I constantly take photos and videos of what I’m creating as I’m creating it. I write a great deal of notes and draw out sketches with these really bizarre things referred to as pencil and paper, but I rarely share anything online. I say I’m going to but I just don’t because of the no excuse I have.
I want to work on more collaborative projects. Who’s down? Get at me.
Yes, there are 122 drafts in my Medium draft folder. That’s four months worth of stories if I finish and publish one each day. (Hence the daily three. Clearly, I’m scattered- a.k.a. manic).
Hold Myself Accountable-
By publicly announcing my short comings because, whatever. We all suck at something.
I lack time management and organization. My mind travels and carries me off task, and as with anything in life it’s a wave I ride. There will be words and art I create I’ll fall madly in love with and others I’ll want to run over with my pickup truck. It will be trial and error but I’ll get there.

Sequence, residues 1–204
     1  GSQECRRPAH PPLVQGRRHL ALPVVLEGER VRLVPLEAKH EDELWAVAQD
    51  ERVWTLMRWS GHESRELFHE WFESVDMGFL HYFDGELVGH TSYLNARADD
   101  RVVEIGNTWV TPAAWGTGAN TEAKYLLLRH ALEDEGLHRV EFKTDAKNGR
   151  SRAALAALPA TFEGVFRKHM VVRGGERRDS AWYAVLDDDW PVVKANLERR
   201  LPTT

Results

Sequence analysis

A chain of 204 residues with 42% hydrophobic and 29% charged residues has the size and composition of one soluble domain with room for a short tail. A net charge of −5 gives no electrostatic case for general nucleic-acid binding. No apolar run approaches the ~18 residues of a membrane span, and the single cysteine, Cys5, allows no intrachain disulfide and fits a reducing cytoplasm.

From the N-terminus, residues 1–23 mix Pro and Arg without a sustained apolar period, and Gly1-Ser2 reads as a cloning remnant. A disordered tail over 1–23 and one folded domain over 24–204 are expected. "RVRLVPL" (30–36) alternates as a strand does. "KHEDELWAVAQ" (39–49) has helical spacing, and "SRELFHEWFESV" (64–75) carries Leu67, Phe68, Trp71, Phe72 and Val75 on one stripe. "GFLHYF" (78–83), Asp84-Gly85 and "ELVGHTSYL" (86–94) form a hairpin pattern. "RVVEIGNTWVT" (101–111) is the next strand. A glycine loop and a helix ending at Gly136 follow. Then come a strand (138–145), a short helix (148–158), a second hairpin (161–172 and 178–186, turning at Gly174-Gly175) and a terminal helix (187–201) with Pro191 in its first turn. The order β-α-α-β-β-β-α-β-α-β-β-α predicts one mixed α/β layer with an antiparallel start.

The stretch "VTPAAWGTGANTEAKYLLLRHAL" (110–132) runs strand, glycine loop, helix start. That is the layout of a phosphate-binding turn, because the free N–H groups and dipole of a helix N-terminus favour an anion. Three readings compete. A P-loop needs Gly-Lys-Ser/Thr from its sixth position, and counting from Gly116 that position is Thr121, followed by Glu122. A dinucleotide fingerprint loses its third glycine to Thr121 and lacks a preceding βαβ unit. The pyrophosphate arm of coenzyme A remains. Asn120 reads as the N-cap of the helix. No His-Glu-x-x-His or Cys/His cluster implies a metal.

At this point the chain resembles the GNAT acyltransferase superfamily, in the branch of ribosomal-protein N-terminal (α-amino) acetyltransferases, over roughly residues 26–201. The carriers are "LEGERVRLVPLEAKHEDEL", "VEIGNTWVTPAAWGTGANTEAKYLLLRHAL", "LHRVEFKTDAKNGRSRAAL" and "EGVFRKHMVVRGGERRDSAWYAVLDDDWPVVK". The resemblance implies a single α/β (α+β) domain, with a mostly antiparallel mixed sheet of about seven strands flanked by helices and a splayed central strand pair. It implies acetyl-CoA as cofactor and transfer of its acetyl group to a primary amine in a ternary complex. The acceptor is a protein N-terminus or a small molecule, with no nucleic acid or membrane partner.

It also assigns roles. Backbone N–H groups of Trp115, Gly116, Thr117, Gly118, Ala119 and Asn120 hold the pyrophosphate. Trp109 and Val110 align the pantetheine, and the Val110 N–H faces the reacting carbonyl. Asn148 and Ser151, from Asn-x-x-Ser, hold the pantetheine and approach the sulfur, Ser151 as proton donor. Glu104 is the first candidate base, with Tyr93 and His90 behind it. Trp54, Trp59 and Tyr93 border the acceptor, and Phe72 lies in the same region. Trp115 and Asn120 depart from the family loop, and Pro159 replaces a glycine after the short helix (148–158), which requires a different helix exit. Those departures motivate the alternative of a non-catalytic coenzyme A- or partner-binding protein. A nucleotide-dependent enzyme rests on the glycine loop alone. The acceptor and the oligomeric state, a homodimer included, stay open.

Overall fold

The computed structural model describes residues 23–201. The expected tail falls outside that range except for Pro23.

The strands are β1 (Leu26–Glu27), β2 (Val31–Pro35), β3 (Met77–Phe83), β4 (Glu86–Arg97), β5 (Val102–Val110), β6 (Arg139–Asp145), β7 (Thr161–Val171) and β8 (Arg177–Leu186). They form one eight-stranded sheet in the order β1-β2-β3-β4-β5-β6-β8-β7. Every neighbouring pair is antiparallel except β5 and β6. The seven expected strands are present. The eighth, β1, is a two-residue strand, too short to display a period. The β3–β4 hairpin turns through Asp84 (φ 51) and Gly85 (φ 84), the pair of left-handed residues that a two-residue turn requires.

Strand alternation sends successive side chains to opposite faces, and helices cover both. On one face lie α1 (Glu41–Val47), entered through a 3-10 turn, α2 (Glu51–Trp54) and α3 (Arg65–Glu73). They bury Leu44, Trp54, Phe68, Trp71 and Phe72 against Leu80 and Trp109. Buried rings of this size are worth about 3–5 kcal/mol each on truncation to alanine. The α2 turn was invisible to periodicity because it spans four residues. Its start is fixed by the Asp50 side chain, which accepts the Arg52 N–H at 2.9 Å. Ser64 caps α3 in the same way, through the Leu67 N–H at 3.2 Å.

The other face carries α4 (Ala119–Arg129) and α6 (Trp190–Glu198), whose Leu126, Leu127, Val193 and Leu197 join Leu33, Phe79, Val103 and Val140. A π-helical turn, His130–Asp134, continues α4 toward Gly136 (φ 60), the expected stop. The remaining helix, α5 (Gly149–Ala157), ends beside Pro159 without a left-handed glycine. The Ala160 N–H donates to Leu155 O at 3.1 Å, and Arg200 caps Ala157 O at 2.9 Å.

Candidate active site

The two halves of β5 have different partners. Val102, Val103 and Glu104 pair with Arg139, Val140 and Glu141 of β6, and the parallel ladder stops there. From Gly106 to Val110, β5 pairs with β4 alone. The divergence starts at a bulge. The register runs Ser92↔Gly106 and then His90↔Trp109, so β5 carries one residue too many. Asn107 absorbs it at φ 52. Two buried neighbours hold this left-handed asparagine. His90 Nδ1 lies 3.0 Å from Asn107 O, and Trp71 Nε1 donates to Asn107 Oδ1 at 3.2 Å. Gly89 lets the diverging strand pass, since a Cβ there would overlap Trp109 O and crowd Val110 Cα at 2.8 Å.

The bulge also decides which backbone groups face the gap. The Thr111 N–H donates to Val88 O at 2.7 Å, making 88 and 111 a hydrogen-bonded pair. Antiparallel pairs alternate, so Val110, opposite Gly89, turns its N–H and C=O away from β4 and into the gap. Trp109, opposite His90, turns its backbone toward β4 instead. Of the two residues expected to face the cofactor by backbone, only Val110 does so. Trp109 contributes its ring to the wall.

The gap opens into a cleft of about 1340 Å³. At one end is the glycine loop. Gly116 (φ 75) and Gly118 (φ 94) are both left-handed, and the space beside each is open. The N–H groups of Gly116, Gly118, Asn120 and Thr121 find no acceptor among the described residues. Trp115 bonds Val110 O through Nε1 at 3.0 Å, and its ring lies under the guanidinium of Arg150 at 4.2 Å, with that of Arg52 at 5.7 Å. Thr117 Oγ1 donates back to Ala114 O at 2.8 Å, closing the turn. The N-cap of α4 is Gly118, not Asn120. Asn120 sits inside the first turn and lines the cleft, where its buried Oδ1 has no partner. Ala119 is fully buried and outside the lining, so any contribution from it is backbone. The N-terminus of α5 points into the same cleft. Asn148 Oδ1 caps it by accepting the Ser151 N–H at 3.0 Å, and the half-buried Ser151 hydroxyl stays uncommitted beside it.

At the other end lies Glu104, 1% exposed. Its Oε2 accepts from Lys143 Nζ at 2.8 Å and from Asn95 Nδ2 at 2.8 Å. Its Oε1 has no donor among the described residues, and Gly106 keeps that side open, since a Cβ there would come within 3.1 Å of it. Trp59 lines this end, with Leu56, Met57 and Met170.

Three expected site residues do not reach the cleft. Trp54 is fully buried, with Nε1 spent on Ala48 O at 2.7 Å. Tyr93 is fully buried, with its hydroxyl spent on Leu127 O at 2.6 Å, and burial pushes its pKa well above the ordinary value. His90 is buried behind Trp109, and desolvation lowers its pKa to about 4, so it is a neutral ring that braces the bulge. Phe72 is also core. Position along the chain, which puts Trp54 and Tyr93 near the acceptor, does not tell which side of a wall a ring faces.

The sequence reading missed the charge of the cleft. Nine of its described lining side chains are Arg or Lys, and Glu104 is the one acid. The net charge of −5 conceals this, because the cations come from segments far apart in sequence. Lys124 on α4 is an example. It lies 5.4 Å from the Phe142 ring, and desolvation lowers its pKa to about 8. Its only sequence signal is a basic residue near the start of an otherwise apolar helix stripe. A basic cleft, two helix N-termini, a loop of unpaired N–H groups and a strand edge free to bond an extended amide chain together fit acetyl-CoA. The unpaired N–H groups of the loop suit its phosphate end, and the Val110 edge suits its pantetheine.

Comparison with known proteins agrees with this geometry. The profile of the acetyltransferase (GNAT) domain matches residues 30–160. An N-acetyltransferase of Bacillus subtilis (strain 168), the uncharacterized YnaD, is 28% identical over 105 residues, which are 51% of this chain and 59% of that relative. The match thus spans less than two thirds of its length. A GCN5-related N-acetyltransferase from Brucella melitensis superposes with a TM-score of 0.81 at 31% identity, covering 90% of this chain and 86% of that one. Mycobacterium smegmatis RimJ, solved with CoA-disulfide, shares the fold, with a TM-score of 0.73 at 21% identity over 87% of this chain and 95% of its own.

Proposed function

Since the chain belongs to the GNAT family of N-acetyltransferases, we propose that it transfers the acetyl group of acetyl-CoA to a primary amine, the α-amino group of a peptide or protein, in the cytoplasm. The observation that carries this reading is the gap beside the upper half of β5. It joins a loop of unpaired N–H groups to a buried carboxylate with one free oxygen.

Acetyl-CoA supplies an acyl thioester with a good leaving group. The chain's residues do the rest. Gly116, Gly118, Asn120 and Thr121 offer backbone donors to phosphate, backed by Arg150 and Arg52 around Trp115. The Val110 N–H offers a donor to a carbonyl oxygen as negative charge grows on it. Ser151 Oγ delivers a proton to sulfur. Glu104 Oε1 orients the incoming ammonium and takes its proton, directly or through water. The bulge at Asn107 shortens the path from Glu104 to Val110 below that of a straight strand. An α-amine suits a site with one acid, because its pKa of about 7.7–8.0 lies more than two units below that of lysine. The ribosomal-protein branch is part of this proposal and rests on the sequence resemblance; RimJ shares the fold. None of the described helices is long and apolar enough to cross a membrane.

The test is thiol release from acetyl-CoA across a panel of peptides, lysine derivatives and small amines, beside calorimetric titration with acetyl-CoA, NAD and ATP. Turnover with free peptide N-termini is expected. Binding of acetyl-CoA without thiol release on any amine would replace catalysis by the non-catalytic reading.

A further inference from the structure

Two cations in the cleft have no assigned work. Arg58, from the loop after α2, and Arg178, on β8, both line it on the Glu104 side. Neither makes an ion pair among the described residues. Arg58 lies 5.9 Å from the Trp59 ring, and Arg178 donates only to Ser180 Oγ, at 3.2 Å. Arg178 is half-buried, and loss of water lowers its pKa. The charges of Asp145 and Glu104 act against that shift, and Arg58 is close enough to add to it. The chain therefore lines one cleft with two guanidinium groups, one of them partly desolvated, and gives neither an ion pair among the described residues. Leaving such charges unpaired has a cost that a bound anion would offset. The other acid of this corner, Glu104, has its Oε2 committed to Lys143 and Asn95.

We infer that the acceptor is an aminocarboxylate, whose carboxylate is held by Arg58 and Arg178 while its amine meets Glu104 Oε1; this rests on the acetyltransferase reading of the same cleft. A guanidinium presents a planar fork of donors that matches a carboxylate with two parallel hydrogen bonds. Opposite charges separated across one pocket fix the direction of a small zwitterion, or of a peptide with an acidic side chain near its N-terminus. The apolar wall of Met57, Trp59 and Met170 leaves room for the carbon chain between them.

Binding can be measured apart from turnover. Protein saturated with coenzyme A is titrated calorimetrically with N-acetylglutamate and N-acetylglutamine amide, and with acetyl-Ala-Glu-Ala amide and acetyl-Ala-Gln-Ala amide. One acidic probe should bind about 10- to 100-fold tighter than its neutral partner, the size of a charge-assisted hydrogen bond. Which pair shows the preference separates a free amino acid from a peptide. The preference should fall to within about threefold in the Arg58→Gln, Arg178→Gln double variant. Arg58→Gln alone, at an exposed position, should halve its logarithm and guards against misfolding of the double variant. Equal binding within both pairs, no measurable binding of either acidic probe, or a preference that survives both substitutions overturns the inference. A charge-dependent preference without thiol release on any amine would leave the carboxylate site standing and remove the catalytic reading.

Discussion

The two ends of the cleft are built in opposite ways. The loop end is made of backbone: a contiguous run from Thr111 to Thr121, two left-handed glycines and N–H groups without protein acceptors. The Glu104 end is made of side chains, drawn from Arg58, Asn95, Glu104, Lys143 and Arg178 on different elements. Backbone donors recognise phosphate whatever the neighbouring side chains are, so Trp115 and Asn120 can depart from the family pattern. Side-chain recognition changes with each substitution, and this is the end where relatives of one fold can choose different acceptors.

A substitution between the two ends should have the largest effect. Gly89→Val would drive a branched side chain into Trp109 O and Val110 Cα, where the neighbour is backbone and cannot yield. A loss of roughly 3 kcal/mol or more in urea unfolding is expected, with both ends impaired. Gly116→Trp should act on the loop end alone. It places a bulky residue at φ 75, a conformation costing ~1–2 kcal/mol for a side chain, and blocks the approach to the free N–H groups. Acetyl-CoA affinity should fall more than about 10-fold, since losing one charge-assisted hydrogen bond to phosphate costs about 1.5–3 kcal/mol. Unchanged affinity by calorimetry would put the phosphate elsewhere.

I began a Patreon in August and opened an Etsy shop in October. I told myself if I were unable to sustain by January I would give up and go back to selling stories I don’t want to write to publications I don’t want to write for in order to put food on the table, but that’s not being creative. That’s selling out for survival. I can’t settle for the capitalistic American way.
Perhaps a better option for me would be to try again, and to try harder, and to try everything before I toss in the towel?
In ‘life,’ I don’t want to be reduced to my work. In ‘work,’ I don’t want to be reduced to my life. My work is too austere.
My life is a brutal anecdote.- Susan Sontag